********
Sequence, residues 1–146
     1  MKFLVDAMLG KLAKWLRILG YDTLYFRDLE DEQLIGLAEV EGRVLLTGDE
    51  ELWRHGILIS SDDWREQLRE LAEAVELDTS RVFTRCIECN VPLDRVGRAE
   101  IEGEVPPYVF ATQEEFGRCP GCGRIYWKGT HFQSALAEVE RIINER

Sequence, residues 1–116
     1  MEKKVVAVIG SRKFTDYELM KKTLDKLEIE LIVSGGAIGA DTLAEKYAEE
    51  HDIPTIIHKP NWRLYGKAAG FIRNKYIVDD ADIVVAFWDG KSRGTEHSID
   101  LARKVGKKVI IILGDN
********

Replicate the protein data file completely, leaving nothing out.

Sequence, residues 1–146
     1  MKFLVDAMLG KLAKWLRILG YDTLYFRDLE DEQLIGLAEV EGRVLLTGDE
    51  ELWRHGILIS SDDWREQLRE LAEAVELDTS RVFTRCIECN VPLDRVGRAE
   101  IEGEVPPYVF ATQEEFGRCP GCGRIYWKGT HFQSALAEVE RIINER

Sequence, residues 1–116
     1  MEKKVVAVIG SRKFTDYELM KKTLDKLEIE LIVSGGAIGA DTLAEKYAEE
    51  HDIPTIIHKP NWRLYGKAAG FIRNKYIVDD ADIVVAFWDG KSRGTEHSID
   101  LARKVGKKVI IILGDN